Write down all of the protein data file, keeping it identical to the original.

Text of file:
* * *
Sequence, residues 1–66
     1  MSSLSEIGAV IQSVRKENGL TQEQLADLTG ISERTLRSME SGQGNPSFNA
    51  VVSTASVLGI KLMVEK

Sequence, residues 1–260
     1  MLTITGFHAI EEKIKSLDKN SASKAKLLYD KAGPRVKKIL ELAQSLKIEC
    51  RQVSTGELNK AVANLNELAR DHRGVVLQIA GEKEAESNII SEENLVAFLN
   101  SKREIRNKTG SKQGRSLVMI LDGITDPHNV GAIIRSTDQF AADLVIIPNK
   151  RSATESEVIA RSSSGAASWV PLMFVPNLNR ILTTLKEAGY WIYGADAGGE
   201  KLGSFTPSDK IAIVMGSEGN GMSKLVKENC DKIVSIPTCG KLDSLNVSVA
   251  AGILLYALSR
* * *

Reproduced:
Sequence, residues 1–66
     1  MSSLSEIGAV IQSVRKENGL TQEQLADLTG ISERTLRSME SGQGNPSFNA
    51  VVSTASVLGI KLMVEK

Sequence, residues 1–260
     1  MLTITGFHAI EEKIKSLDKN SASKAKLLYD KAGPRVKKIL ELAQSLKIEC
    51  RQVSTGELNK AVANLNELAR DHRGVVLQIA GEKEAESNII SEENLVAFLN
   101  SKREIRNKTG SKQGRSLVMI LDGITDPHNV GAIIRSTDQF AADLVIIPNK
   151  RSATESEVIA RSSSGAASWV PLMFVPNLNR ILTTLKEAGY WIYGADAGGE
   201  KLGSFTPSDK IAIVMGSEGN GMSKLVKENC DKIVSIPTCG KLDSLNVSVA
   251  AGILLYALSR